Another contention of appellants is that the six cases of whisky, when allegedly taken by the defendants, were not in foreign commerce for the reason that the cargo of whisky from Scotland had reached its destination in Seattle, in the United States, had been unloaded, and the carrier, Furness Lines, had surrendered control of the cargo to the agent of the consignee, the Washington State Liquor Control Board, and further that the evaluation as made indicated that ownership and control had passed to the consignee. We cannot agree. The evidence showed that the first sixty cases of the shipment of Scotch whisky were not released from customs until October 22, 1962, some five days after the offenses charged in this indictment. On October 17, 1962, the six stolen cases 'were a part of a foreign shipment of freight.'
Appellants' next contention is that the prosecutor, during his arguments, was guilty of prejudicial misconduct which deprived them of a fair trial. The record shows that during the opening argument by government attorney Williams the proceedings set forth in the margin occurred.2
No further reference to this matter was made by government counsel in the remainder of his opening argument or in his closing argument. However, defense counsel in his argument to the jury made reference to the fact that defendants did not testify, which references are set out in the margin.3
During the court's instructions the jury was instructed as follows:
'The law does not compel any defendant to take the witness stand and testify, and no presumption of guilt may be raised and no inference of any kind may be drawn from the failure of a defendant in this case to testify.'4
In Langford v. United States, 178 F.2d 48, 53 (9th Cir. 1949), cert. denied, 339 U.S. 938, 70 S.Ct. 669, 94 L.Ed. 1355 (1950), this court had occasion to consider a somewhat similar problem. In that case government counsel in his argument at one time stated, 'I think it is significant that the defendant did not go on the stand and that defendant has no witness to impeach the stories of Miss Jones and Mr. Bryant.' At another point the government counsel stated, 'Once again I want to direct your attention to the fact that the defendant was not on the stand. It seems to me that the least he could do would be to get on the stand and testify as to his occupation at this time, or at the time when these acts were charged last spring * * *.' The court in discussing this stated:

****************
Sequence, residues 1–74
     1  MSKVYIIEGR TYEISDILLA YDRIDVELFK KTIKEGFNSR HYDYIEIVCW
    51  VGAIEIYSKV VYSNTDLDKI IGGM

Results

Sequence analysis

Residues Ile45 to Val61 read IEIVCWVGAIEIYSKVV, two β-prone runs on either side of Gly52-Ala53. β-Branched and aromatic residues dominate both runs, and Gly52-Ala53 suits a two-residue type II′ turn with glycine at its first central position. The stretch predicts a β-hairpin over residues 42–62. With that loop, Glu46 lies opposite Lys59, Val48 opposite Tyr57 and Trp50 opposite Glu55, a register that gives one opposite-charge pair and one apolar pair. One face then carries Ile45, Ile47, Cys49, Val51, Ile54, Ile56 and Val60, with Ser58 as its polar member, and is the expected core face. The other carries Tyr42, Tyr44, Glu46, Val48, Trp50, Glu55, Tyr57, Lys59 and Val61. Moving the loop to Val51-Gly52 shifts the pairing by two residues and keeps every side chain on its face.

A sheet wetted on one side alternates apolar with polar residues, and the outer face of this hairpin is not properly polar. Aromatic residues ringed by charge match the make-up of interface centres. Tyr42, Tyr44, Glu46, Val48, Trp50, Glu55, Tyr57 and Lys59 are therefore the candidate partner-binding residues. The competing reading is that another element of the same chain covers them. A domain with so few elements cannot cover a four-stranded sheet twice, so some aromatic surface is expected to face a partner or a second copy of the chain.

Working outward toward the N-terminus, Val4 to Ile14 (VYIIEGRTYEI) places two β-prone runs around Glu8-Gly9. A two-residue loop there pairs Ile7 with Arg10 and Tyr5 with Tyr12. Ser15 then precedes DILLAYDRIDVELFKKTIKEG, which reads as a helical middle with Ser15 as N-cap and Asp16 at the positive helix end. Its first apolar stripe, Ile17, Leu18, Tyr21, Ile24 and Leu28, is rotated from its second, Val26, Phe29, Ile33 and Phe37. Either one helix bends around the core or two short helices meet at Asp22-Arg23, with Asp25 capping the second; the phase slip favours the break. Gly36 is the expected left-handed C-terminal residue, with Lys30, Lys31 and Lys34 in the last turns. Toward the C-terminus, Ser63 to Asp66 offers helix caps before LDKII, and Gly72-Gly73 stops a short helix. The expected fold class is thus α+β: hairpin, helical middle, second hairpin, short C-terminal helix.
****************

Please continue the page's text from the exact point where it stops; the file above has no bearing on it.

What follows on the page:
'The comment which is prohibited is one which is likely to suggest that the jury should draw adverse inferences from the accused's failure to testify. The substance of the remark here made was that the testimony of Miss Jones and Mr. Bryant was not contradicted. It is true that the prosecutor prefaced this by referring to the fact that the defendant did not go on the stand, a fact which the jury of course knew. But we do not think that that statement, considered in its entirety, would increase the liklihood that the jury would draw adverse inferences from defendant's failure to testify. And, except in those special cases where it appears that the accused himself is the only one who could possibly contradict the government's testimony, Linden v. U.S., 3 Cir., 296 F. 104, the prosecutor may properly call attention to the fact that the testimony of the government witnesses has not been contradicted. Baker v. United States, 8 Cir., 115 F.2d 533, certiorari denied 312 U.S. 692, 61 S.Ct. 711, 85 L.Ed. 1128. * * *' 178 F.2d at 55.